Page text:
Roots of nurses’ strike lie in the legacy of the financial crash

For most workers and businesses across the economy, the pain endured during the economic and financial crash was severe, writes Jim Power.

Thankfully, we have come out the other end and the economy is now very much back on track, for the moment at least.

There is still some legacy issues of the crash, including distressed mortgages, a still dysfunctional banking system, a dysfunctional housing market, and a financially stretched personal sector.

However, there is also a very obvious problem with the quality and quantity of public services.

This stems from poor delivery systems and a lack of adequate funding.

A lot of money was taken out of public services during the period of austerity, which in the context of a growing and an ageing population is now proving a problem.

For Government, this was an easier course to follow than standing up to our EU masters. We are now paying the price.

In the private sector, wages have not done very much over the past decade though the market will now look after that.

As we approach full employment, recruitment and retention will become an increasing feature of the workplace and wages will inevitably rise.

Not surprisingly, public sector workers are also seeking to recover lost ground. The Government agreed to a wage mechanism for the public sector in 2017 but that is now being strongly challenged by the nurses, who are now pounding the pavements.

I have a lot of sympathy with the plight of the nurses. They got a very raw deal during the benchmarking process in the early 2000s and they had every right to feel aggrieved at the end of that deeply flawed and deeply political process.

They are now working in a health service that is pretty dysfunctional.

A lack of beds, a lack of adequate staffing and very difficult working conditions create disillusionment.

They work in an environment where leadership and decent management from the Department of Health and the HSE are seriously lacking, to put it mildly.

Nurses deserve to be paid more given the job they do and under the conditions in which they do it.

Of courses, nurses choose the career that they are pursuing, and those who entered the profession over the past 10 years should have known exactly the type of dysfunctional work environment they were seeking to get into.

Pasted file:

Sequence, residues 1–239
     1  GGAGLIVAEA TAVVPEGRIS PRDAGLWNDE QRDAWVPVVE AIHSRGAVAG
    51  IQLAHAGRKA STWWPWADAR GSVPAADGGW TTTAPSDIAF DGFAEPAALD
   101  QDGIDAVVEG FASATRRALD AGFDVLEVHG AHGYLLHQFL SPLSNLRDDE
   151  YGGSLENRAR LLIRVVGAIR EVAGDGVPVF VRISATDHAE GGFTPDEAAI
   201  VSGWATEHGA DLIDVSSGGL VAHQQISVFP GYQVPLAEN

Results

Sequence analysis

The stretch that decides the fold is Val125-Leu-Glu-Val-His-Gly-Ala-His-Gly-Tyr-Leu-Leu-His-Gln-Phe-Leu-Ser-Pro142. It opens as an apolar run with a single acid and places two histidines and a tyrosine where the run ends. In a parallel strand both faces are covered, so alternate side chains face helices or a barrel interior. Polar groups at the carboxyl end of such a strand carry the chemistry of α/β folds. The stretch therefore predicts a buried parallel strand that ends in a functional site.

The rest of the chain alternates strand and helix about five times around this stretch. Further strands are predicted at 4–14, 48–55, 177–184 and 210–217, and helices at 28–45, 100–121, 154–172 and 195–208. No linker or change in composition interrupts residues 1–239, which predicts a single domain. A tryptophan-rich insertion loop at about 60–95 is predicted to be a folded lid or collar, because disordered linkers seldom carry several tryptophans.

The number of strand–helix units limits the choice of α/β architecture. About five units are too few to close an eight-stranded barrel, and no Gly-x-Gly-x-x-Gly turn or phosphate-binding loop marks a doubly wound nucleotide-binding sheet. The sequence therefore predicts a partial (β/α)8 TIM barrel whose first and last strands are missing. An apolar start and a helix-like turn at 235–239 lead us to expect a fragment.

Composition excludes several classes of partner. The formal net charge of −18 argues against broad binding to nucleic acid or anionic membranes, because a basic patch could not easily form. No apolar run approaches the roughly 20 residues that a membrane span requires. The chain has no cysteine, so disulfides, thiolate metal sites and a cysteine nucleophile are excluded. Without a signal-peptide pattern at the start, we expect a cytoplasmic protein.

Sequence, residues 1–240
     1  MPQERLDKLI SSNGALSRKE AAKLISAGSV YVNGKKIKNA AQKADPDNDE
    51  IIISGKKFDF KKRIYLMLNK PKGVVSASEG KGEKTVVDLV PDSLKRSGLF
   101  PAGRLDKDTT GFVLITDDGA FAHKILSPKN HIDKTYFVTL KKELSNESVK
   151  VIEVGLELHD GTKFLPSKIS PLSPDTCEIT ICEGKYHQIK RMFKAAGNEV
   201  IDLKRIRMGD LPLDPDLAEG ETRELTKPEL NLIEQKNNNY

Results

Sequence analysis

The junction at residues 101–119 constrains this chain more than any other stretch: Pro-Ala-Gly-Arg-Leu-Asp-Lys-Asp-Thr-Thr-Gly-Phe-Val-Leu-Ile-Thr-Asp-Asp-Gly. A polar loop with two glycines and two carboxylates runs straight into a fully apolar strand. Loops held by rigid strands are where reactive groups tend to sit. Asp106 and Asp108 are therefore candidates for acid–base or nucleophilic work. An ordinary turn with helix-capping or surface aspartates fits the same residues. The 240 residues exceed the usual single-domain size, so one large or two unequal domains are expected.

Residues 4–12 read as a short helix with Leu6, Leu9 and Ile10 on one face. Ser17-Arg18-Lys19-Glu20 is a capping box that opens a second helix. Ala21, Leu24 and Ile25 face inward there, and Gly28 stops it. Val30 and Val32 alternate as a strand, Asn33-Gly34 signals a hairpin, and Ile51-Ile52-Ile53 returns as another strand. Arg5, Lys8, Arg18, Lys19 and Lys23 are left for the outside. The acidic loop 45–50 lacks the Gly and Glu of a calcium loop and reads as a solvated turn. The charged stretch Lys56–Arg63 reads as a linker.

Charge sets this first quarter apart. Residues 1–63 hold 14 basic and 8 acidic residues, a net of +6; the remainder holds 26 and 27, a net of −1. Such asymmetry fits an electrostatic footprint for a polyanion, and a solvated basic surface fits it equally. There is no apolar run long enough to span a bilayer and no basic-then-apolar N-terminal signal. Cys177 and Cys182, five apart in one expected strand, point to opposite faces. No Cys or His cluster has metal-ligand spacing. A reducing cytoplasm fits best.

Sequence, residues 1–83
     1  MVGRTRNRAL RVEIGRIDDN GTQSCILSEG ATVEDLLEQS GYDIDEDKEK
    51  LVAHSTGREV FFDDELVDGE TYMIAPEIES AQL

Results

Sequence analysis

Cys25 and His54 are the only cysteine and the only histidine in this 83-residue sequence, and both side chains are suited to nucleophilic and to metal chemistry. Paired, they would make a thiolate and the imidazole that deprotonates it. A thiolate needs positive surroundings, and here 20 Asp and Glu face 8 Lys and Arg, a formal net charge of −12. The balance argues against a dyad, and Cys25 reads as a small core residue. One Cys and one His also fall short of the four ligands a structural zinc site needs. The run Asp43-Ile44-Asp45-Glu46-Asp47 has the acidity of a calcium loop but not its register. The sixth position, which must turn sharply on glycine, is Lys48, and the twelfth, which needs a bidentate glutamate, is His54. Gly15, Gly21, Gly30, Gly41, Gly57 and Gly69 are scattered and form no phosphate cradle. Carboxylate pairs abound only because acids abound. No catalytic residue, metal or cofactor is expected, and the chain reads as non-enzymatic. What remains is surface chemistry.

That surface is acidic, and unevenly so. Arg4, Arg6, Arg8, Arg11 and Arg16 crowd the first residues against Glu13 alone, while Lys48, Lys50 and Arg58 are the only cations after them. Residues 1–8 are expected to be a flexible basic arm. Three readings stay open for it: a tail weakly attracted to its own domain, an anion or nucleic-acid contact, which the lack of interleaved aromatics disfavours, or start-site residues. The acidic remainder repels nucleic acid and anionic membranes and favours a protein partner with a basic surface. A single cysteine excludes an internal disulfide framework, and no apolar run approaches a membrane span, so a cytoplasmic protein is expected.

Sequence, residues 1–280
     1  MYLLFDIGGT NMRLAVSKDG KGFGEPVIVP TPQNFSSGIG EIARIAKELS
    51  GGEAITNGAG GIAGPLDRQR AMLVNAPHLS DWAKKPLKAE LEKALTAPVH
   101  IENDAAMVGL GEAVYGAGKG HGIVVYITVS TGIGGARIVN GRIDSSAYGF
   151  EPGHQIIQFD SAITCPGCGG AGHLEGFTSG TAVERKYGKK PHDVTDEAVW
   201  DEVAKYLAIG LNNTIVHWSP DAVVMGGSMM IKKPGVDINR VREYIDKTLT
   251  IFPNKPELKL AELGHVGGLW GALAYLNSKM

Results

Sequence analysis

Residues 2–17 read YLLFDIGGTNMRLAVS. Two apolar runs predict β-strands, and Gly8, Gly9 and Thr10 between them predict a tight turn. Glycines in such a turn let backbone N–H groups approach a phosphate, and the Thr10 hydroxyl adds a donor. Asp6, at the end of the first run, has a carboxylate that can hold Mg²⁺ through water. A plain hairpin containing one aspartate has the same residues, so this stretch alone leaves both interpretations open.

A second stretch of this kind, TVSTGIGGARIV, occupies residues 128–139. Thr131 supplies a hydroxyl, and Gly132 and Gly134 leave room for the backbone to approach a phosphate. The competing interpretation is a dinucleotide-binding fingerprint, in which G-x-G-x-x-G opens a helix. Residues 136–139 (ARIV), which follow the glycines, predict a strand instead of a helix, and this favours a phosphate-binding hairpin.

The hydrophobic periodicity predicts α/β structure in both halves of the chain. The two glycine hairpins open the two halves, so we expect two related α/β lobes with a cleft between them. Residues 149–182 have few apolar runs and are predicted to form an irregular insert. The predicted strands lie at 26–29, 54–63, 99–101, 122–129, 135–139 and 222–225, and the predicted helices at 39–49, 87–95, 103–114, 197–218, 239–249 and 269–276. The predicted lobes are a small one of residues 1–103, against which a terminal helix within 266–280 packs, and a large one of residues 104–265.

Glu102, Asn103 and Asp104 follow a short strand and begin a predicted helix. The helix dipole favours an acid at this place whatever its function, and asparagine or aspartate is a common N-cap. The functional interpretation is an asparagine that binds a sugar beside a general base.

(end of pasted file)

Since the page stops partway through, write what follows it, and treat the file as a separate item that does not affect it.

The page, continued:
If they didn’t, well then they should have done some basic research.

From the perspective of Government and the prudent management of the public finances, the nursing dispute poses an enormous challenge.

It is generally accepted that settlement of the dispute would add about €300m to the annual pay bill.

This is not an enormous sum of money, particularly when viewed in the context of the black hole that the children’s hospital is falling into.

However, the thing that really worries the Department of Public Expenditure and Reform is that by succumbing to the nurses’ demands, that old enemy called relativity will raise its ugly head. Already some unions are suggesting that if the nurses get what they want, they too will want more.

Government and trade unions should recognise the unique and very valuable jobs that nurses do and the difficulty of recruiting and retaining nurses.

However, one would hardly expect such sensible behaviour from the other trade unions.

Once this dispute is ended in whatever way that will happen, but presumably through a pay increase, the challenge for those who manage the health service will be to ensure that the working environment improves, that staffing levels are adequate, that they have a career path, and most importantly that they see decent and professional management from the HSE and the Department of Health.

In conclusion, two things strike me about the nursing dispute.

Firstly the housing crisis is the kernel of the problem.

If one cannot afford to buy or rent a house close to where one works, then that is a problem and it nurtures serious discontent.

Secondly, the trade off between increasing pay and increasing staffing levels in the public sector will be extremely difficult in an economy that still has a very high level of debt and which will face enormous demographic challenges over the coming decades.

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